50 Forgotten Bird Songs Play in a Sydney Alley

Iansand/CC BY-NC-ND 2.0

The Forgotten Songs installation above Angel Place commemorates the songs of fifty birds that once populated central Sydney before they were pushed out by European settlement.

Today, most of the birds have been pushed out to the city’s margins and beyond where they find refuge in native vegetation away from development.

Newformula/CC BY-NC-ND 2.0

The installation by artist Michael Hill was originally part of the 2009 temporary laneway art project, By George! Hidden Networks. The goal of the project was to draw attention and foot traffic to Sydney’s underutilized network of laneways.

Forgotten Songs’ canopy of bird cages proved to be so popular with residents and tourists that it was turned into a permanent art installation in 2011.

Iansand/CC BY-NC-ND 2.0

120 permanent birdcages now sway above the street as an eerie reminder of our inability to cohabitate with nature. By day, you can hear the songs of diurnal birds like the Eastern Whipbird, Rockwarbler, Regent Honeyeater, Grey Shrike-thrush, Fan-tailed Cuckoo, Spotted Pardalote, Brown Gerygone, Jacky Winter, and Scarlet Robin---among others.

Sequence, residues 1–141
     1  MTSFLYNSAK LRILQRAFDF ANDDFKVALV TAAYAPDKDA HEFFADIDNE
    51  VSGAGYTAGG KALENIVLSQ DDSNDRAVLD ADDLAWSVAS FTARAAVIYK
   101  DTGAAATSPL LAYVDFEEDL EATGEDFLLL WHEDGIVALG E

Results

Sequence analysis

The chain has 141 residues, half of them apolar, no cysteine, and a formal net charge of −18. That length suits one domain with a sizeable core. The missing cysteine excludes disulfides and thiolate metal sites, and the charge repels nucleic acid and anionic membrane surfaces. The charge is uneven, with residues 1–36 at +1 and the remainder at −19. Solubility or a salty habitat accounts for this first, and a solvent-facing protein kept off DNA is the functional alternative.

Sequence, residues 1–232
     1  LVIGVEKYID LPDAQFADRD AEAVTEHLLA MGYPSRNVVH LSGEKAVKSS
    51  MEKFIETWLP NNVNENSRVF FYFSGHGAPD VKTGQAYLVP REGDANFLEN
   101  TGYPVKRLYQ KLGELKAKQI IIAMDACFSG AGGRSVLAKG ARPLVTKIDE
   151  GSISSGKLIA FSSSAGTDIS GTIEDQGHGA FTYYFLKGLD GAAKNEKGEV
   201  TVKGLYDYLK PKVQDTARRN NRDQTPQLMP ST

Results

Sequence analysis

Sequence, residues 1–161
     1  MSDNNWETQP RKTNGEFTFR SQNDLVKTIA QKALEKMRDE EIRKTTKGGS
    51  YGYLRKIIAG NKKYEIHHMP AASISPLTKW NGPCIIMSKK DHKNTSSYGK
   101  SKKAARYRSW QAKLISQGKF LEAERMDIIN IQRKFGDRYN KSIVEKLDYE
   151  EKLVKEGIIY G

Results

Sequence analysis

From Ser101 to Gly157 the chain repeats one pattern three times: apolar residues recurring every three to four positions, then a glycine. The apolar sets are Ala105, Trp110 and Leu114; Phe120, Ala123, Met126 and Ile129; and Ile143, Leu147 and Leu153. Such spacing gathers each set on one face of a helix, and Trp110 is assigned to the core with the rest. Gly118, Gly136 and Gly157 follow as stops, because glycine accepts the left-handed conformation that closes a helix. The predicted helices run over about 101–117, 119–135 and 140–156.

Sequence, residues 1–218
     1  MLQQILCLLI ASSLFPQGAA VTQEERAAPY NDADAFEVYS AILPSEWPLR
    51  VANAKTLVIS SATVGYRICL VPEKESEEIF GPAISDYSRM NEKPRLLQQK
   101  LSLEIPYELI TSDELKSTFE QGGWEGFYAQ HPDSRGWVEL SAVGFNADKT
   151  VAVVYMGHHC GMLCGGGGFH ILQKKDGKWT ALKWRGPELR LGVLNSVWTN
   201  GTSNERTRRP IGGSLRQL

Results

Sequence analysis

At night, the calls of nocturnal birds like the Australian Owlet-nightjar, Powerful Owl, Southern Boobook, Barn Owl, Tawny Frogmouth and White-throated Nightjar echo off the walls and pavement of Angel Place.

Watch Forgotten Songs

Forgotten Songs, Angel Place, Sydney from Lightwell on Vimeo.

The impact of a thought-provoking piece of art like this is hard to grasp just through pictures. But this video gives those of us who can't visit the installation in person a good idea of what it's like to be there.

Instagraming the location of habitat destruction, and listening to recorded bird songs is the way we interact with nature now. Can we do better?

Tags: Artists | Australia | Biodiversity | Birds | Endangered Species | Urban Life | Urban Planning | Walking